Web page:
Thursday, November 19, 2015

a way in

"Ugly-messy-beautiful.  That brings to mind the Japanese idea of wabi-sabi. 
Which I feel is in a kindred spirit with the artwork I do... I like to SEE the process in the finished work. The best thing I ever saw (well, one of) was Michelangelo’s unfinished sculptures...
 There one could see, frozen in time, the raw act of chipping these figures from the rock. 
How much more interesting that is than a polished image with no “way in” for the viewer!"

And a few new pieces from the past few weeks...

Monday, November 9, 2015

not afraid of falling

"Left to their own devices, most people don't want to fail.  
But Andrew Stanton [is] ...known around Pixar for... the phrase 'be wrong as fast as you can.' 
He thinks of failure like learning to ride a bike; 
it isn't conceivable that you would learn to do this without making mistakes— 
without toppling over a few times.  'Get a bike that's as low to the ground as you can find, 
put on elbow and knee pads so you're not afraid of falling, and go,' he says.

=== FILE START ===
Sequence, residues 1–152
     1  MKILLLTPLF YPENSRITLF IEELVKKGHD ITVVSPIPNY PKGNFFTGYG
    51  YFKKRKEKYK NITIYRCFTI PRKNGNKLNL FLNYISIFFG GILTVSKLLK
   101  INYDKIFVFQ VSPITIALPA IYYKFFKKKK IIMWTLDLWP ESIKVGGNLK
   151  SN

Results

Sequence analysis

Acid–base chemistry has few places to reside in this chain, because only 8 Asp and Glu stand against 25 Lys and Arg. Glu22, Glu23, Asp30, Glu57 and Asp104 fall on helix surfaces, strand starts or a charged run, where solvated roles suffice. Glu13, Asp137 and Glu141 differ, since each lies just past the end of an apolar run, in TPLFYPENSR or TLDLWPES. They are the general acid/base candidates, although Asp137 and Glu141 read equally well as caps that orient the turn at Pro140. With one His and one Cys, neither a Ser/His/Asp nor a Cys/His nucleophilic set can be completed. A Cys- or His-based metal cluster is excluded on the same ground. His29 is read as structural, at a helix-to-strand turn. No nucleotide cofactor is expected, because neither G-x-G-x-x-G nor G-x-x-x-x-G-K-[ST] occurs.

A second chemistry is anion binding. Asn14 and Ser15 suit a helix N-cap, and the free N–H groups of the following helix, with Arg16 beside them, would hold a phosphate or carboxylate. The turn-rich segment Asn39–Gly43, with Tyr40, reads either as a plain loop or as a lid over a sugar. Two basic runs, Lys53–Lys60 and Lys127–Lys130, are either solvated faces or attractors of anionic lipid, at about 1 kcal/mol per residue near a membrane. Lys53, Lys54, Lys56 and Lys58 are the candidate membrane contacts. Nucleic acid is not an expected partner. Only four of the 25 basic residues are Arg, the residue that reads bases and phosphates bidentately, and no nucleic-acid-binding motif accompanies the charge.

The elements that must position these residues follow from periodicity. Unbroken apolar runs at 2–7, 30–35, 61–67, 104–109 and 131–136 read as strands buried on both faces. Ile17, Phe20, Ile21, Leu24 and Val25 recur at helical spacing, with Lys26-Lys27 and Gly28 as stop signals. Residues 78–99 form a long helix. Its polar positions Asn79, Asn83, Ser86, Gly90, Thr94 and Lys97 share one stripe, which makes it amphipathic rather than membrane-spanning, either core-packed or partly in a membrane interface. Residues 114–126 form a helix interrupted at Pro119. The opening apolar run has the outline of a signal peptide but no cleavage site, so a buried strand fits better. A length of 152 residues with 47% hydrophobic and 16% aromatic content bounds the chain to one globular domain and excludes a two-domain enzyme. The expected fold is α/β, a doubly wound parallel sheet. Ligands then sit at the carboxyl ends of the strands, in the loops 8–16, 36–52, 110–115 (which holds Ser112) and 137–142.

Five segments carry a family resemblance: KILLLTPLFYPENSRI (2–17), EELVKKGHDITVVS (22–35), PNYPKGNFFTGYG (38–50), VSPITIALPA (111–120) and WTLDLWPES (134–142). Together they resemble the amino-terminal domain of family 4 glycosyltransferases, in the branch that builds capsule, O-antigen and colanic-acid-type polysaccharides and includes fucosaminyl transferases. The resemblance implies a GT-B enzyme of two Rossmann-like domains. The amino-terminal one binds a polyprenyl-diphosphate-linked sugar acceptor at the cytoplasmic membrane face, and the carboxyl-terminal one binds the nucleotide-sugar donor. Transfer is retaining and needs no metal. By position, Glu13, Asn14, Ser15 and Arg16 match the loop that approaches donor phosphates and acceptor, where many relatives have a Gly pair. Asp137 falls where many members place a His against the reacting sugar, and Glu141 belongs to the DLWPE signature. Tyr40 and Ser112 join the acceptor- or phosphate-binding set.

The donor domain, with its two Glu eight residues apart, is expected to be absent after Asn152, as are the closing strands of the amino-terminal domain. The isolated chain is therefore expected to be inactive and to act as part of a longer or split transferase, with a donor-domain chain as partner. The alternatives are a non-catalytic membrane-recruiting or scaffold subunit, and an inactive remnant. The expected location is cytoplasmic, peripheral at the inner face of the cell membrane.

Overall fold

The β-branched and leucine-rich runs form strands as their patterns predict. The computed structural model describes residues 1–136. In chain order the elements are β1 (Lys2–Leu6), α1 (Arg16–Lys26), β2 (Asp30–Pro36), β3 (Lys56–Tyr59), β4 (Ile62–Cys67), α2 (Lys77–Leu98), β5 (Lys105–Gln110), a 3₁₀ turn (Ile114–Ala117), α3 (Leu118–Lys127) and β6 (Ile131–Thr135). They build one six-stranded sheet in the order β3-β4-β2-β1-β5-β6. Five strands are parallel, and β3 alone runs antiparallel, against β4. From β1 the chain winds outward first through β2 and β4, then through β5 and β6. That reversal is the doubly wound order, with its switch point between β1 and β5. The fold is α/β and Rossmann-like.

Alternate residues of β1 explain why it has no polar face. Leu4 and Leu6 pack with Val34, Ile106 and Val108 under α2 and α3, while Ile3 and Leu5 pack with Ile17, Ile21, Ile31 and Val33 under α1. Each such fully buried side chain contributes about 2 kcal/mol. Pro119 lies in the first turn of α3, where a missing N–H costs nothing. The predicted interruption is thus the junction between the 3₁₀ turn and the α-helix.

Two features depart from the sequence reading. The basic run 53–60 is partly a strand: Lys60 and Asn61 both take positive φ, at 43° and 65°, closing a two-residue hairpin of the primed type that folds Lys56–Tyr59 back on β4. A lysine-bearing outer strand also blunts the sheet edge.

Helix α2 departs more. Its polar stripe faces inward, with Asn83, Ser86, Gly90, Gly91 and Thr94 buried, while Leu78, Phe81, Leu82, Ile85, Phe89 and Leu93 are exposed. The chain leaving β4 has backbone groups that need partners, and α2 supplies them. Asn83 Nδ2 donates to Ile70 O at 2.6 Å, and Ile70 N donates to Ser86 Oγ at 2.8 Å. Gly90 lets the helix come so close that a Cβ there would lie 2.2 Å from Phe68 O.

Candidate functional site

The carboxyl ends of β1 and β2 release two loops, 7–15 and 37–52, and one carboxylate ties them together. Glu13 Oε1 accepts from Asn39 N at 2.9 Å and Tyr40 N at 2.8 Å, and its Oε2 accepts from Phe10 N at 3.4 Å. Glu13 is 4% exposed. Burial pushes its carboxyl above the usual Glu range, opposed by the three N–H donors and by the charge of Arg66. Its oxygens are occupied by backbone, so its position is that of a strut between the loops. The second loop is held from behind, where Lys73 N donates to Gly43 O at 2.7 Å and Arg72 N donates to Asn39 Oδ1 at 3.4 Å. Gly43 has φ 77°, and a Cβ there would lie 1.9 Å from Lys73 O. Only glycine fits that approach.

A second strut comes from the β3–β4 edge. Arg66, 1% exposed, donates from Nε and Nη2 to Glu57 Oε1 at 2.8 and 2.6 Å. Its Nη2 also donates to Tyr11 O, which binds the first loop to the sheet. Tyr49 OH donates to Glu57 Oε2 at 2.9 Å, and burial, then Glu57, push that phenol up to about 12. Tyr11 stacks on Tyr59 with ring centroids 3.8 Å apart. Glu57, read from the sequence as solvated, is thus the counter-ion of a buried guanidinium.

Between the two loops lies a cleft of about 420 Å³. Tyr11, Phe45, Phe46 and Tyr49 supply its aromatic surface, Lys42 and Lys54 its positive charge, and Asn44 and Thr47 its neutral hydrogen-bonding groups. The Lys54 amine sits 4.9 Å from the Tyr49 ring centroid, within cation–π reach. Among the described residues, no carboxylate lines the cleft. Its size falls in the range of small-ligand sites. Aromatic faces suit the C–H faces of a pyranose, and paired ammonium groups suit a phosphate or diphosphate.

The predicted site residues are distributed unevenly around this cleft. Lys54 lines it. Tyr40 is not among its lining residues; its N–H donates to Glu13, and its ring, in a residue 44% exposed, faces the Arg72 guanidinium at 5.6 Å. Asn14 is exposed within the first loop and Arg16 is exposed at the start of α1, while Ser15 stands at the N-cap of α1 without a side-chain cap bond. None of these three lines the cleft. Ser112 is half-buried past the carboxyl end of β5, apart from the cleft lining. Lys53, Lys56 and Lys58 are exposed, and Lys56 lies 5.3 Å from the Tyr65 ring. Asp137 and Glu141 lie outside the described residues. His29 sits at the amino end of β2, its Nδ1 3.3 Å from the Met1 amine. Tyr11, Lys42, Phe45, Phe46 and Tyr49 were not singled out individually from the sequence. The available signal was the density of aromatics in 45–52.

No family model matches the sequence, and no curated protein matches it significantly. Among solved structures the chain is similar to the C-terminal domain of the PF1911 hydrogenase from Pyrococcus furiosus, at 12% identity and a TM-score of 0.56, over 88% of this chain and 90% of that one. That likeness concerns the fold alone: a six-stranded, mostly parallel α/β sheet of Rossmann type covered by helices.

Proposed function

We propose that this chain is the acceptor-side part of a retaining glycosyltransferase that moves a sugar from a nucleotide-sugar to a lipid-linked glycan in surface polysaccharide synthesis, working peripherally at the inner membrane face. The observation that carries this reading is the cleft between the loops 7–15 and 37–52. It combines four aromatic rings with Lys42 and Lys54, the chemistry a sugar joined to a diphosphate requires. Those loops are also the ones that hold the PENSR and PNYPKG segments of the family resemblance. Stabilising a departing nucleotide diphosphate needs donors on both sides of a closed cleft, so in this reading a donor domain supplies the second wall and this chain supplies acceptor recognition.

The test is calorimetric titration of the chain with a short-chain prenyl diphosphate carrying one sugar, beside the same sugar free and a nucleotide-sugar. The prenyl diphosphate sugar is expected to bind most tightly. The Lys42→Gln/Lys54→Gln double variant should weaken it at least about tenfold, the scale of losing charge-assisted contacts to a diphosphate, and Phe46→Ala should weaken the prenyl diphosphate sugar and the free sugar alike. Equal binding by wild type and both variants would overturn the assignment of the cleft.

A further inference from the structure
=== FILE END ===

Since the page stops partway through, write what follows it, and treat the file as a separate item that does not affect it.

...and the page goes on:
Even though people in our offices have heard Andrew say this repeatedly many still miss the point.
They think it means accept failure with dignity and move on. 
The better, more subtle interpretation is that failure is a manifestation of learning 
and exploration. If you aren’t experiencing failure, then you are making a far worse mistake: 
You are being driven by the desire to avoid it."

-Pixar Cofounder Ed Catmull from the fantastic book Creativity, Inc.    

(via Maria Popova's always inspiring blog, Brainpickings)

Wednesday, September 23, 2015

still singing

When I Met My Muse

I glanced at her and took my glasses
off--they were still singing. They buzzed
like a locust on the coffee table and then
ceased. Her voice belled forth, and the
sunlight bent. I felt the ceiling arch, and
knew that nails up there took a new grip
on whatever they touched. "I am your own
way of looking at things," she said. "When
you allow me to live with you, every
glance at the world around you will be